When purchasing or delivering a reciprocating pump an API674 pulsation study might be required. The API 674 describes two different design approaches in Annex C (2010 edition). This post describes the most important differences between the design approaches and the pro’s and con’s between the two approaches.
Regardless of the design approach, the main goals of the pulsation study are:
- Prevent excessive pulsations which can lead to excessive vibrations and fatigue failure.
- Prevent cavitation inside the pump leading to pump failure.
- Prevent excessive high pressures above the design pressure of the piping.
First, for a DA1 study, an analytical study can be used together with some good design rules for good support/restraint principles. Often this study involves a simplified analysis in order to determine the acoustical resonance modes in a system based on the assumption of an open-open, open-closed, or closed-closed system. An open boundary condition can be a location with approximate constant pressure such as a suction tank, and a closed boundary condition can be a location with no flow, such as dead-end branches.
The DA1 study can be conducted relatively fast without detailed information about the piping system. The main quantities of interest are the distances between the suction vessel and the pump inlet, but the exact routing with bends and tee’s is not always necessary.
A DA2 study uses an acoustical simulation (in a pulsation software package such as BOSpulse) in order to calculate the pulsation amplitudes. The pump, damper and pipe routing are modelled, and a calculation of the acoustical resonance in the piping network can be made. This study requires more information about the system than DA1, but can predict the acoustic resonance frequencies with more accuracy as well as the actual amplitude of the pulsations in the piping.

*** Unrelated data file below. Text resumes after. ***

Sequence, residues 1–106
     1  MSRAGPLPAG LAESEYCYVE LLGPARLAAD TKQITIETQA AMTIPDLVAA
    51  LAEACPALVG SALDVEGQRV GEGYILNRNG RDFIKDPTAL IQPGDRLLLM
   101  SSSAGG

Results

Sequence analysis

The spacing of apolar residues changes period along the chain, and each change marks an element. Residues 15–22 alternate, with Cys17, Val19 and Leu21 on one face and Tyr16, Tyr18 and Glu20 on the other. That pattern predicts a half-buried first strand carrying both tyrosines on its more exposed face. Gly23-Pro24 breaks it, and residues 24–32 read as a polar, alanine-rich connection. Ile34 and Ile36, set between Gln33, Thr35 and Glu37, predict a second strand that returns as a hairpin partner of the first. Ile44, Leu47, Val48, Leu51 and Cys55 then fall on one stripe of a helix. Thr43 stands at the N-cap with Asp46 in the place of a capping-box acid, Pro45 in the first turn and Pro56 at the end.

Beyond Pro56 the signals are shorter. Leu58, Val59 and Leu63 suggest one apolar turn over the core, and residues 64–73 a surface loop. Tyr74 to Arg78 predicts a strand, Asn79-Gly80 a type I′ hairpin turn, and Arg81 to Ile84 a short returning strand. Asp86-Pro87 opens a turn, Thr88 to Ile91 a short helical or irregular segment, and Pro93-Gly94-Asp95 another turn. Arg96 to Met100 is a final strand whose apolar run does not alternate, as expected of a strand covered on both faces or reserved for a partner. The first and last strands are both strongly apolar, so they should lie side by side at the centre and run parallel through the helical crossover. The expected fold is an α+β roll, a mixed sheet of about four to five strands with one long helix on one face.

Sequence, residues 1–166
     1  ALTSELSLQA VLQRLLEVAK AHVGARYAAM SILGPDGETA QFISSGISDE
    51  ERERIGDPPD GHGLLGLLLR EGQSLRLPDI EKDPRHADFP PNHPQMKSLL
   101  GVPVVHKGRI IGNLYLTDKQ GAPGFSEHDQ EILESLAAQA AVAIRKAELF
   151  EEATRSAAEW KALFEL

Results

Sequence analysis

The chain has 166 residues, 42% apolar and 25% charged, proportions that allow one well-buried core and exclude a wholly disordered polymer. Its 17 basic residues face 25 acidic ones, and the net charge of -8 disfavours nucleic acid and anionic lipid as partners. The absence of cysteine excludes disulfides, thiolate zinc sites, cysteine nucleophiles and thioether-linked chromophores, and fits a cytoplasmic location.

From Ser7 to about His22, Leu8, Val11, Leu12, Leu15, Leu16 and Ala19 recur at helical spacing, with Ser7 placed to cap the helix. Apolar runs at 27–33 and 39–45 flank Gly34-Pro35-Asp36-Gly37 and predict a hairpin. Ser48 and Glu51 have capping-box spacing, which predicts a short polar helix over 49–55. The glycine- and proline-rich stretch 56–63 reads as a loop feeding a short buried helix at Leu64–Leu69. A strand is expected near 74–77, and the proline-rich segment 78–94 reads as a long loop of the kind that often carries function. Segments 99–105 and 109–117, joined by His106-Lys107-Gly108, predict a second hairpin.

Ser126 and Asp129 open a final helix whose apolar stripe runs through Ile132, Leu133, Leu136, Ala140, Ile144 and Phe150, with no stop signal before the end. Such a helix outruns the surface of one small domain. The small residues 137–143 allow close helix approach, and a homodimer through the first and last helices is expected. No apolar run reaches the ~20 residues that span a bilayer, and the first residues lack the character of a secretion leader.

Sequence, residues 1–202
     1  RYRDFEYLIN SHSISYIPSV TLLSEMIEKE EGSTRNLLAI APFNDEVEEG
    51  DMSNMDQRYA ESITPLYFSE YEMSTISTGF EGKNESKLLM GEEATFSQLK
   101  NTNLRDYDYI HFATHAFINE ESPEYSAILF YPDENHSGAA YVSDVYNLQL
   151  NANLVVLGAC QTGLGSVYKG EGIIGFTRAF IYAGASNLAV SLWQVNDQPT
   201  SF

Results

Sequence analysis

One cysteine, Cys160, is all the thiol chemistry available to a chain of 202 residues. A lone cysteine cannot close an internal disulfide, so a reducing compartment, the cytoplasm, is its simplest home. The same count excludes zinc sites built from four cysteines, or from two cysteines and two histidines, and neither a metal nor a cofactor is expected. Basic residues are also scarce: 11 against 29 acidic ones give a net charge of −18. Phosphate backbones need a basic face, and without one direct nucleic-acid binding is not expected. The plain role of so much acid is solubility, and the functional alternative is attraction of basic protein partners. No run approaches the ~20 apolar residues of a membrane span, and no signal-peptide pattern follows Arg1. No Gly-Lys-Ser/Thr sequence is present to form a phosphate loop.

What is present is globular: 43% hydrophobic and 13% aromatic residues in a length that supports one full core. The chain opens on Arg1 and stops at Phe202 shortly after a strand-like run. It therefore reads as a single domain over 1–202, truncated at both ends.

So what are some of the main difference in the results between the design approaches?
There are probably a wide range of opinions about this, but below is an illustration purely from the perspective of a pulsation analysis.
- DA1 can be conservative as it only takes into account the acoustic resonance frequency, not the actual amplitude of the pulsation in its assessment.
- DA1 can be inaccurate as it cannot account for more complex acoustic modes due to branched networks.
Example: Model of a pump suction line
To illustrate these points, we can conduct both design approaches on a system. Let’s look at the system below involving the suction side of a reciprocating pump. Two pumps are modelled of which one pump is a spare. The pumps are of the quintuplex type and are running at a speed of 5 Hz.
The acoustic resonance frequencies according to DA1 (based on the closed/open open/open modes above) are given below.
|Resonance frequency [Hz]|
|first mode||second mode|
|damper to suction vessel||14||42|
|pump to suction vessel||19||58|
|damper to pump spare||28||56|
|pump spare to suction vessel||38||76|
DA1 can be conservative as it only takes into account the acoustic resonance frequency, not the actual amplitude
According to the DA1 study, the pump speed should have a separation margin of +-20% on any acoustic resonance modes. Based on the pump speed of 5 Hz with 5 cylinders, the range of acoustical resonance frequencies that should be avoided are 20 –30 Hz and 50-70 Hz. Where a margin of +-/20% has been used based on the reasoning in API 688 for uncertainities. From the table above it can be seen that there is a clear overlap between these and this system will fail DA1. It should be noted that if the pump was only single cylinder at 5Hz then conformance with DA1 would have been possible as all resonance frequencies are above 12Hz (2nd harmonic +20%).
Figure below shows the actual pulsation amplitudes as calculated using design approach 2. This figure shows that even though acoustic resonance modes exist, the final pulsation level is within allowable values.
DA1 can be inaccurate as it cannot account see more complex modes due to branched networks
The figure below shows the acoustic resonance modes of the system using BOSpulse. These can be identified at ~17.5Hz and ~39 Hz. The DA1 study does not predict any resonance near the 17.5 Hz.
The figure below shows the resonance mode at 17.5Hz, which is a complex mode involving the modes between (1) the dampener and the suction vessel and (2) the spare pump and the suction vessel. This mode cannot be captured using the approaches in DA1. Furthermore, depending on the approach used the DA1 study can predict several modes that will actually not exist in the system.
In conclusion, a DA1 study can be a good and fast initial check to identify any critical acoustic resonance modes for simple systems preferably these are without any similar ratio tee connections, short in length and have a low number of pump cylinders. For more complex systems, or if DA1 study shows acoustic resonance can be an issue (likely to be the case for long discharge systems and high number of cylinders), a DA2 study is likely to be needed.
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